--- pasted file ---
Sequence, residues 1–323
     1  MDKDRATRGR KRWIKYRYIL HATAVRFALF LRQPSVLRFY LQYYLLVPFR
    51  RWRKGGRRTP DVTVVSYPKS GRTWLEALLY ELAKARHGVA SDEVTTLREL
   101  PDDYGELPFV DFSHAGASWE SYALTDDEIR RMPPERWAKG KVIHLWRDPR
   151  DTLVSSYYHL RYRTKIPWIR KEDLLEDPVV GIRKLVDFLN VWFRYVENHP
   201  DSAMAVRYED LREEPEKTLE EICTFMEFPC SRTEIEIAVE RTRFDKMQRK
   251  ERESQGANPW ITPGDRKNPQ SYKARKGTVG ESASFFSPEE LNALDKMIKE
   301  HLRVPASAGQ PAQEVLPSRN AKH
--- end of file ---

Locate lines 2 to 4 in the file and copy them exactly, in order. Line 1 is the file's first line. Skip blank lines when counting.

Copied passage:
     1  MDKDRATRGR KRWIKYRYIL HATAVRFALF LRQPSVLRFY LQYYLLVPFR
    51  RWRKGGRRTP DVTVVSYPKS GRTWLEALLY ELAKARHGVA SDEVTTLREL
   101  PDDYGELPFV DFSHAGASWE SYALTDDEIR RMPPERWAKG KVIHLWRDPR